The transient receptor potential ankyrin 1 (TRPA1) channel is expressed in cardiomyocytes and involved in many cardiovascular diseases. However, the expression and function of TRPA1 in doxorubicin- (Dox-) induced acute cardiotoxicity have not been elucidated. This study aimed at investigating whether blocking the TRPA1 channel with the specific inhibitor HC-030031 (HC) attenuates Dox-induced cardiac injury. The animals were randomly divided into four groups: control, HC, Dox, and Dox + HC. Echocardiography was used to evaluate cardiac function, and the heart was removed for molecular experiments. The results showed that the expression of TRPA1 was increased in the heart after Dox treatment. Cardiac dysfunction and increased serum CK-MB and LDH levels were induced by Dox, but these effects were attenuated by HC treatment. In addition, HC mitigated Dox-induced oxidative stress, as evidenced by the decreased MDA level and increased GSH level and SOD activity in the Dox + HC group. Meanwhile, HC treatment lowered the levels of the proinflammatory cytokines IL-1β, IL-6, IL-17, and TNF-α induced by Dox. Furthermore, HC treatment mitigated endoplasmic reticulum (ER) stress and cardiomyocyte apoptosis induced by Dox. These results indicated that inhibition of TRPA1 could prevent Dox-induced cardiomyocyte apoptosis in mice by inhibiting oxidative stress, inflammation, and ER stress.

1. Introduction

Doxorubicin (Dox), an anthracycline anticancer drug, is one of the most preferred agents for the treatment of different malignant tumors, including leukemia, lymphomas, breast cancer, and ovarian cancer. However, its application is hampered due to a significant dose-dependent cardiotoxicity manifested by cardiomyopathy and congestive heart failure [1, 2]. A recent study reported that 21% of patients developed chemotherapy-related cardiotoxicity after Dox administration [3]. Therefore, considerable efforts have been made to identify an effective therapeutic target for mitigating Dox-induced cardiac damage.

Transient receptor potential (TRP) channels are nonselective cation channels that mediate sensory transduction and respond to various stimuli. The 28 mammalian TRP channels can be grouped into six subfamilies based on sequence homology. Among them, TRPA1 is predominantly expressed in nociceptive neurons and is also expressed at high levels in the heart, lung, skeletal muscle, skin, and vascular endothelial cells [4, 5]. It is well established that oxidative stress metabolites, such as reactive oxygen species (ROS) and specific metabolites of lipid peroxidation, are endogenous agonists of TRPA1 [6]. Takahashi et al. demonstrated that TRPA1 directly detects molecular oxygen and plays a pivotal role in maintaining oxygen homeostasis [7]. In addition, mounting evidence suggests that TRPA1 may be a key gatekeeper in detecting stimuli and regulating the inflammatory response [8, 9].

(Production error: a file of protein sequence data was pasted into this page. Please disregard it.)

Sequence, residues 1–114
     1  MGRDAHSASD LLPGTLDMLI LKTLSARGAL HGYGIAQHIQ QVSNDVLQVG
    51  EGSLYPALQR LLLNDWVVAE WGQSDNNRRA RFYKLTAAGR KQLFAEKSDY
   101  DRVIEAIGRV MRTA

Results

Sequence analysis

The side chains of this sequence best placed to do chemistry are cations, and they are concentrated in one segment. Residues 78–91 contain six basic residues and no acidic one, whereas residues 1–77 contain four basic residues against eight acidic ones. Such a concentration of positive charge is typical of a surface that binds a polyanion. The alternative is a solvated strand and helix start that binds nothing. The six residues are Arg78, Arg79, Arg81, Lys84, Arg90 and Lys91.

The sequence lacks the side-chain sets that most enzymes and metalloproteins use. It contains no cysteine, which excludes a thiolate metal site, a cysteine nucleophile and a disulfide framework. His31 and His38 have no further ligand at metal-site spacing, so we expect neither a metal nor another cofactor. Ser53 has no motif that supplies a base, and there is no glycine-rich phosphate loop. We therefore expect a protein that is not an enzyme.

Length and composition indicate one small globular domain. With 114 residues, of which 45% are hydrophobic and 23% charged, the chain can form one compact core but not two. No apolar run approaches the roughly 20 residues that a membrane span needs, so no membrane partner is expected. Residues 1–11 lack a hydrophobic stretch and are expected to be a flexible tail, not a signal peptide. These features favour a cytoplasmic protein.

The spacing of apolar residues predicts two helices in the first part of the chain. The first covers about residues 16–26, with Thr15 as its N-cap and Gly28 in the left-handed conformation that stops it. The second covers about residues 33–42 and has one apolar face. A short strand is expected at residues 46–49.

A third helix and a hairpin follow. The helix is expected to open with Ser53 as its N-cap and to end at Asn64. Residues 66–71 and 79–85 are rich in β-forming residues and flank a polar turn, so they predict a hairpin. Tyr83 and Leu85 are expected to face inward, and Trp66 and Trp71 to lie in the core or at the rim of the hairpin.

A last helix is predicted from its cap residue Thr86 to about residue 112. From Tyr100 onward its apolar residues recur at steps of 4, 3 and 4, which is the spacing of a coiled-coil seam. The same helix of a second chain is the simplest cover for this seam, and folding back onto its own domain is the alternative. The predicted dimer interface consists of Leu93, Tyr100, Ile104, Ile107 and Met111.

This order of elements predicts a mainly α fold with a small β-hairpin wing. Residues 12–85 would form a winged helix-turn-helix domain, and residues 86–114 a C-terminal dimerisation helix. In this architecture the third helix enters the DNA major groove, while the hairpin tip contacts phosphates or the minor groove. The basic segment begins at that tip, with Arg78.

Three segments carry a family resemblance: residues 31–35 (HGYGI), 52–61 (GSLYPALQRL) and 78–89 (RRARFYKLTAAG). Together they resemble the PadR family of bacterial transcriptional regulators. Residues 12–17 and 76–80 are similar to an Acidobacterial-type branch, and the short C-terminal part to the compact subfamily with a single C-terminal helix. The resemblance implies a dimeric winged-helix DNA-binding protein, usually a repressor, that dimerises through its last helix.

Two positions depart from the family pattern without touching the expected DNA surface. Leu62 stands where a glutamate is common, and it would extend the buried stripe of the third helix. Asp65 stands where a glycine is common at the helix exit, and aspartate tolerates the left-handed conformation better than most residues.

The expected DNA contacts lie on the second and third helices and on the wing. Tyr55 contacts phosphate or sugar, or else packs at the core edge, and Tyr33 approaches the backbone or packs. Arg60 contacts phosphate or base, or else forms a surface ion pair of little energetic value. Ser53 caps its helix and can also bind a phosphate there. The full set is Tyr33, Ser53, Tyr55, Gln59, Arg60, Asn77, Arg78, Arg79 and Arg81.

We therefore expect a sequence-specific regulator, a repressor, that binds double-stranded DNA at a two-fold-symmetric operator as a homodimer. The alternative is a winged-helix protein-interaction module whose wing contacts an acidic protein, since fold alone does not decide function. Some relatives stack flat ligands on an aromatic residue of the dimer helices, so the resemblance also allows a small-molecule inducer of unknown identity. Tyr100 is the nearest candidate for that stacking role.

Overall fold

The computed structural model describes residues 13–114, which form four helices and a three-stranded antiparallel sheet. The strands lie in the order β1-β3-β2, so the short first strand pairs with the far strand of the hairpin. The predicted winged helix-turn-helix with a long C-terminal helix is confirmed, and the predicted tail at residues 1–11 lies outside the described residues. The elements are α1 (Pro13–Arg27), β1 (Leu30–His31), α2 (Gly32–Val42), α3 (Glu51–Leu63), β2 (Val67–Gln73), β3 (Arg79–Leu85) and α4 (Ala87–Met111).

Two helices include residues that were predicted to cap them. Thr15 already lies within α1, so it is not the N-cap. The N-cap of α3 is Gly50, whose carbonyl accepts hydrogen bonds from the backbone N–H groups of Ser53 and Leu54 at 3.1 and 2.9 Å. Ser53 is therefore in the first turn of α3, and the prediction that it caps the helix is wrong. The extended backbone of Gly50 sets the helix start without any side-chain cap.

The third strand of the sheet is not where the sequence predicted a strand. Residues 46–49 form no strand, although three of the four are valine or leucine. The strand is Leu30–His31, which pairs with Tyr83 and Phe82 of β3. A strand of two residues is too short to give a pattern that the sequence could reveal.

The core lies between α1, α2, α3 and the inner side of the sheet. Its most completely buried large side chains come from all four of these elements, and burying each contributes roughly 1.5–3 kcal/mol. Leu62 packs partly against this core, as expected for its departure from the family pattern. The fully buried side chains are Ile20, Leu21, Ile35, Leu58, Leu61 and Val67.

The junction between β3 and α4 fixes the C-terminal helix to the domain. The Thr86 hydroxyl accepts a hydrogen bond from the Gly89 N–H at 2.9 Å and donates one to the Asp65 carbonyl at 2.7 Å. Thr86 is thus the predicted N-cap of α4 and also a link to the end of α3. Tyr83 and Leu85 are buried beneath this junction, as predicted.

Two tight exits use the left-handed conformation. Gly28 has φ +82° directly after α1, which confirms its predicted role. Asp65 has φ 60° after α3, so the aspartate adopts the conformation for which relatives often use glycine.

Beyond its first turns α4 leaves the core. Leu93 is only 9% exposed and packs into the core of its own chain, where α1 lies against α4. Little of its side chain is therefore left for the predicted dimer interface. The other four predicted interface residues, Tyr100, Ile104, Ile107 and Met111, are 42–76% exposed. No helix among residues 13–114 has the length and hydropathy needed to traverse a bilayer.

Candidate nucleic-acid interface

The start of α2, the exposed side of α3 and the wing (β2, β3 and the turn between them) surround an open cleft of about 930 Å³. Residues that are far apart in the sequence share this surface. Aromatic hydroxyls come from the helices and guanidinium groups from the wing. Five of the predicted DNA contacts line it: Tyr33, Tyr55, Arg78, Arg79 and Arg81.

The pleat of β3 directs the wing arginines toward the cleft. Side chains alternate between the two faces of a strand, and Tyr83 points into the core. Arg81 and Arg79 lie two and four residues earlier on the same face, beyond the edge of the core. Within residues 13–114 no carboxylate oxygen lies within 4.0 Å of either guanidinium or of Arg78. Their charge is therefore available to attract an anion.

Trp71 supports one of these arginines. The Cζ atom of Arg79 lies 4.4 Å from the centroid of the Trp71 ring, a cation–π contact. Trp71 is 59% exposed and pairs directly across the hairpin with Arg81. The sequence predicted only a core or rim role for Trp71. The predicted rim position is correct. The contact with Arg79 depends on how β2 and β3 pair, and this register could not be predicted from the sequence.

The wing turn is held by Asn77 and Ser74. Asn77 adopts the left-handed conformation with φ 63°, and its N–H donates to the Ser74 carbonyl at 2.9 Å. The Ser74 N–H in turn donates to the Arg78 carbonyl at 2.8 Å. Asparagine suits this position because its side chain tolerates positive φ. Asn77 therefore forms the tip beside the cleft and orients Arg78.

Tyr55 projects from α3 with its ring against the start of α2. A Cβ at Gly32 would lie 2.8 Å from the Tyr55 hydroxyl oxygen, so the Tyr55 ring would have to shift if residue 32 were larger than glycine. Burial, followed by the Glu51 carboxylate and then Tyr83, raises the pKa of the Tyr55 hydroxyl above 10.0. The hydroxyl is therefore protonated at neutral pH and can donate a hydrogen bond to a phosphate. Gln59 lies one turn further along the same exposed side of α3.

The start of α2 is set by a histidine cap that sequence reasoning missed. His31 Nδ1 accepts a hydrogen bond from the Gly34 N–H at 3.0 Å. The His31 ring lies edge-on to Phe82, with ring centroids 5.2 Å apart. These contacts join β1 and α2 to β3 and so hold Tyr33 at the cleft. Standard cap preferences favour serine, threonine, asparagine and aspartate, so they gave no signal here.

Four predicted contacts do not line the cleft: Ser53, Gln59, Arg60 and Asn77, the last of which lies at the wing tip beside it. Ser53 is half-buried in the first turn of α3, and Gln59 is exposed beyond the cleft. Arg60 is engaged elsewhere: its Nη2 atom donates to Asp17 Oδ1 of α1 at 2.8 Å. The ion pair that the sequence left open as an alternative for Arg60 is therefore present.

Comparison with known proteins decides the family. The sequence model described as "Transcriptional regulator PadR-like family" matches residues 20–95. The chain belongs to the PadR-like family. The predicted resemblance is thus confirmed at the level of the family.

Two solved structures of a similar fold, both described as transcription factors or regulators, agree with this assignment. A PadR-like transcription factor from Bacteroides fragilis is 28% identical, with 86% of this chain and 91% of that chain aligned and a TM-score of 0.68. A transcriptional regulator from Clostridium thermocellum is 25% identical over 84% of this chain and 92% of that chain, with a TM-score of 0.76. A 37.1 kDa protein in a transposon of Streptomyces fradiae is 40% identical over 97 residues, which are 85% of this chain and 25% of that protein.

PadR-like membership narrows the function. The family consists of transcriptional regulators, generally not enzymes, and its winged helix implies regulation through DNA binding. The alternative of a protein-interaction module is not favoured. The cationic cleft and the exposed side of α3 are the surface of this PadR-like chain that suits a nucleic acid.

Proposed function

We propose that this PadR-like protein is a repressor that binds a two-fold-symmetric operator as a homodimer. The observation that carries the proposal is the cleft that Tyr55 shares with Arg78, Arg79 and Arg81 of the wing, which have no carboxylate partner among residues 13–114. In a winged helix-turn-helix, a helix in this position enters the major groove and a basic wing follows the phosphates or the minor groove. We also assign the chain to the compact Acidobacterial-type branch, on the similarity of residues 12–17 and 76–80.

Accumulating evidence indicates the important role of TRPA1 in the pathophysiology of cardiac disease [10]. TRPA1 activators given prophylactically could reduce the infarct size in a rat model of myocardial ischemia-reperfusion injury [11]. However, the role of TRPA1 in Dox-induced cardiotoxicity is still unknown. In the present study, we clearly show that the inhibition of TRPA1 ameliorated Dox-induced cardiomyocyte apoptosis and cardiac dysfunction, which correlated with decreases in oxidative stress products, proinflammatory cytokine levels, and endoplasmic reticulum (ER) stress.

2. Materials and Methods

2.1. Animals

All procedures involving animals were conducted in compliance with the National Institutes of Health (NIH) Guide for the Care and Use of Laboratory Animals and were approved by the Ethics Committee for Animal Research of Wuhan University (Wuhan, China). Male C57BL/6J mice, aged 6–8 weeks and weighing 23–25 g, were obtained from Vital River Laboratory Animal Technology Co. Ltd. (Beijing, China). Mice were acclimatized for 7 days before assignment to their experimental groups and housed in a light-controlled room (12 h light/dark cycle) with free access to standard chow and water. The animals () were randomly divided into four treatment groups of 20 mice each: control (CTRL), HC-030031 (HC), Dox, and Dox + HC. The CTRL and HC alone groups received an equivalent volume of placebo or HC orally for ten consecutive days. Dox-treated mice were injected with a single dose of Dox dissolved in normal saline (20 mg/kg i.p.) at day 5. Mice in the Dox + HC group were pretreated with HC (10 mg/kg) for 5 days by gavage and then treated for 5 additional days after the injection of Dox.

2.2. Echocardiography

Echocardiography was performed in anesthetized (1.5–2% isoflurane) mice using a Mylab30CV ultrasound (Biosound Esaote Inc.) equipped with a 10 MHz linear array ultrasound transducer. The left ventricle (LV) was assessed in both parasternal long-axis and short-axis views. End-systole and end-diastole were defined as the phases in which the smallest and largest areas of the LV were obtained, respectively. LV ejection fraction (EF) and LV fractional shortening (FS) were measured via LV M-mode tracing with a sweep speed of 50 mm/s at the midpapillary muscle level.